iiNet reports naked DSL boom

Summary:Western Australian internet service provider iiNet took an extra 47,500 broadband customers over the past year, and also added over 67,000 naked DSL subscribers.

Western Australian internet service provider iiNet took an extra 47,500 broadband customers over the past year, and also added over 67,000 "naked DSL" subscribers.

iiNet's new BoB device
(Credit: iiNet)

The ISP's naked DSL product has proven to be a star performer for the company, growing by 123 per cent for the year to 67,000, helping net the company revenue growth of 66 per cent on last financial year. The ASX-listed ISP today posted annual revenues of $418 million, up from $251 million last year.

iiNet managing director Michael Malone said in a statement this morning that the ISP was committed to being the top challenger in the telecommunications market. "This is most clearly demonstrated by the 123 per cent growth in naked DSL, more than doubling iiNet's total naked subscribers. 67,000 Australians have now ditched their phone line rental," said Malone.

iiNet now has 754,585 customers, it reported today, which had risen 10 per cent over the year. Earnings before income tax, revenue, depreciation and amortisation grew 42 per cent from $47.4 million to $67 million. Net profit after tax rose 44 per cent, up from $17.8 million to $25.6 million. Earnings per share increased 22 per cent from 13.9 cents to 16.9 cents.

It was the first reporting period in which iiNet had included a full year's earnings from its subsidiary Westnet, which it acquired in May 2008 for $81 million. At the time it brought iiNet's subscriber base closer to Australia's number two broadband provider, Optus, which had one million subscribers. Westnet added around 365,000 DSL subscribers.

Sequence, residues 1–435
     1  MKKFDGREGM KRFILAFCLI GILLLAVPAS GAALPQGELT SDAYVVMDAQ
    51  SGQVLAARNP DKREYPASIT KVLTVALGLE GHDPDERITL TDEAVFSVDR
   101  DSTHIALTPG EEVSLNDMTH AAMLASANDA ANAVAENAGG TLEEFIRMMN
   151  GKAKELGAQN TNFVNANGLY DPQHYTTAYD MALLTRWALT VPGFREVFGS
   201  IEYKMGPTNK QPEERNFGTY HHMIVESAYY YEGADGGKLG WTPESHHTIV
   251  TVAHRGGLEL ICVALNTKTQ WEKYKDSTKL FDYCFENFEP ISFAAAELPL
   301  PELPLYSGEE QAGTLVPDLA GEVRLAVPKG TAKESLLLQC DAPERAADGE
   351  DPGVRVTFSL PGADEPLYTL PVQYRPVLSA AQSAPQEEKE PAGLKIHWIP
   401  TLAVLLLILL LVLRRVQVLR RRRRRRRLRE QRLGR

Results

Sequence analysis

Malone today reaffirmed the company's stance on the National Broadband Network.

"In terms of the key criteria we were looking for in a NBN — open access, structural separation, fixing backhaul 'black spots' and regulatory reform — the government has delivered a true vision," said Malone. "We see the government's open-access NBN as a fantastic new opportunity for iiNet."

iiNet's legal battle against several copyright owners represented by Roadshow and the Australian Federation Against Copyright Theft (AFACT) is set to continue this Wednesday at a directions hearing in the Federal Court, Sydney. iiNet intends to finalise its defence against claims that it breached copyright law.

Topics: NBN, Networking, Telcos


Liam Tung is an Australian business technology journalist living a few too many Swedish miles north of Stockholm for his liking. He gained a bachelors degree in economics and arts (cultural studies) at Sydney's Macquarie University, but hacked (without Norse or malicious code for that matter) his way into a career as an enterprise tech, s... Full Bio

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